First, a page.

On our first visit we were a little overwhelmed with how LOUD it was in P&P (and no, we’re not THAT old. Well, not all of us), but we did become accustomed to the cheesy 80s and 90s tunes which were a good bit of fun. In fact, the bar seemed lively throughout the festive run-up so it was worth seeing how it fared during so-called Dry January.
The bar itself doesn’t deviate hugely from the usual NQ formula and neither does the food, with either brunch (steak and eggs, hash, American fry up etc) or supper (steak, mac & cheese, sliders) on offer. The venue does now also offer an all-inclusive brunch for £30 where you can throw as much as you want into your face all washed down with a few mimosas. Sounds like kill or cure to us.
The whole ‘Mad Men’ stylistic fanfare with which P&P opened seems limited to a few film pin-ups and some admittedly inventive cocktails, but rather than evoking the swinging 60s, the disinterested bar staff lack enthusiasm, matching the average tap selection where Moretti and Sagres prevail at £4.50-£5 a pop. The rest of the booze selection is your standard mix of bottle beer (Brooklyn, obviously, plus Flying Dog, Beavertown et al), wines and some decent spirits (anywhere that has Portobello Road as their standard gin offering is fine by me).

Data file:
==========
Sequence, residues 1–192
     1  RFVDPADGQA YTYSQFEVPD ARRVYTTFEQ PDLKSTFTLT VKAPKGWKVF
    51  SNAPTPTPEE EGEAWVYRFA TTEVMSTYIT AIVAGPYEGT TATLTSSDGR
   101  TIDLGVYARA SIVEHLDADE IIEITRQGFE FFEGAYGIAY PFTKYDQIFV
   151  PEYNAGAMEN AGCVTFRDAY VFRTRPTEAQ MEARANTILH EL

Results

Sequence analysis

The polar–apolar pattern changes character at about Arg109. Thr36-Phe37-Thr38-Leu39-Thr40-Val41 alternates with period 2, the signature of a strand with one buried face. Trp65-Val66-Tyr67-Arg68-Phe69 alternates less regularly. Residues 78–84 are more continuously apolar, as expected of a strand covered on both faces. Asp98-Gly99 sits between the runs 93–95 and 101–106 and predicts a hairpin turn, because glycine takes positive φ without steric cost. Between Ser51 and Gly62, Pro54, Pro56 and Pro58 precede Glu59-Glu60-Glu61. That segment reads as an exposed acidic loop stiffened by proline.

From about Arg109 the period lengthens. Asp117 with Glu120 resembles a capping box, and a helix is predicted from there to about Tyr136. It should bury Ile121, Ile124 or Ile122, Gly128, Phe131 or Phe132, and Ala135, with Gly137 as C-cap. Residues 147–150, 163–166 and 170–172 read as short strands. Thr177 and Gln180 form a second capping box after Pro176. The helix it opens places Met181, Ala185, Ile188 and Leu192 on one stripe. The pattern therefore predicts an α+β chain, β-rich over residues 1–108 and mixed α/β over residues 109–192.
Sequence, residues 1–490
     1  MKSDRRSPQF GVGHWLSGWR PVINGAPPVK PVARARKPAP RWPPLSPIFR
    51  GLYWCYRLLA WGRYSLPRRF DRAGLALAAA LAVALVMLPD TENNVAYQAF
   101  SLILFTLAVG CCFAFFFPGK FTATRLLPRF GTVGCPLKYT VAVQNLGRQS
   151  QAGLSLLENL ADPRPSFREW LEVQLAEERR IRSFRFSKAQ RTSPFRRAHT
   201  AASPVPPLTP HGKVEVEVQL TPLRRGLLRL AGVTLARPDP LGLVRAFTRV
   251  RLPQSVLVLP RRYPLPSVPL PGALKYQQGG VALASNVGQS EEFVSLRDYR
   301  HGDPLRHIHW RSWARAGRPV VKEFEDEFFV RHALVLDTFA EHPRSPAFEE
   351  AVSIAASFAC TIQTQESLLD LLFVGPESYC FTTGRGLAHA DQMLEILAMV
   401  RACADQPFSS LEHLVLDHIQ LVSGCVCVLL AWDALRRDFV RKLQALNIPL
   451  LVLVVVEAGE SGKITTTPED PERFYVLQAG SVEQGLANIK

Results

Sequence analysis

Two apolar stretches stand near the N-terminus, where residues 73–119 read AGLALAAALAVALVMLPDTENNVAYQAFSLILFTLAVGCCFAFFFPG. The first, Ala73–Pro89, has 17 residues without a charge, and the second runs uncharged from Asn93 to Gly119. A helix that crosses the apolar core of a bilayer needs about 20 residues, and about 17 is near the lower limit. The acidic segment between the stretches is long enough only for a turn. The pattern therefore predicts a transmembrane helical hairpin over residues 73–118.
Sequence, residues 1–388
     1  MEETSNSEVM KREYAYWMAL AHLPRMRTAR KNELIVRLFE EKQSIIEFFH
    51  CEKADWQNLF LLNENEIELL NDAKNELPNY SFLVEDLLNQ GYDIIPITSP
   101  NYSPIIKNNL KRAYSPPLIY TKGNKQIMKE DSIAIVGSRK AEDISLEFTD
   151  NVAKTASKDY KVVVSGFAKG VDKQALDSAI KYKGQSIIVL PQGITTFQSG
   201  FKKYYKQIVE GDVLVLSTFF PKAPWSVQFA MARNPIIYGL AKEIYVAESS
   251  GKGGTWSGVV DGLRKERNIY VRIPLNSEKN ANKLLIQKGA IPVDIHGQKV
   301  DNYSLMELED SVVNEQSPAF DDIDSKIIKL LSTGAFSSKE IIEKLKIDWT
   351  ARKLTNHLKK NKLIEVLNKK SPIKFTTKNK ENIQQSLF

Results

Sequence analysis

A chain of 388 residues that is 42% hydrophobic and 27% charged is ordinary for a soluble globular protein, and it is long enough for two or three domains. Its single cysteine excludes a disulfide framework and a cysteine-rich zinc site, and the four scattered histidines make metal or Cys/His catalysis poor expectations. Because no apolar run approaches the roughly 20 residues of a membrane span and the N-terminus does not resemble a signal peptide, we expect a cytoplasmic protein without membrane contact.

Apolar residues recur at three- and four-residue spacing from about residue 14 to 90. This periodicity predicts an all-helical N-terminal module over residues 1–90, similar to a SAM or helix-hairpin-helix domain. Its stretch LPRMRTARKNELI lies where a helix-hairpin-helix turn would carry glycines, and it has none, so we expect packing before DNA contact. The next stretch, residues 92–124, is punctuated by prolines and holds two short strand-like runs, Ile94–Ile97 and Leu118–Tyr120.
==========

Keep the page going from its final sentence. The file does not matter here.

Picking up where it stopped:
We were quite excited about P&P offering a real alternative for that “one last snifter before the train” situation, but instead we’re left thinking it’s a sum of parts all done better elsewhere. It’s not quite as buzzy as some of its near neighbours on Tariff Street, nor fully established enough to be a true destination pub, whilst the balance isn’t quite there yet for it to be ‘comfortably busy’ on the big weekend nights (despite its ample size). At the moment, it’s sadly yet another NQ bar that struggles to make you feel welcome, but hopefully more personality will follow.
The Pen And Pencil
Drinks: Cocktails, lager, wine & spirits
Related City Centre establishments: None
Bongo rating: 5/10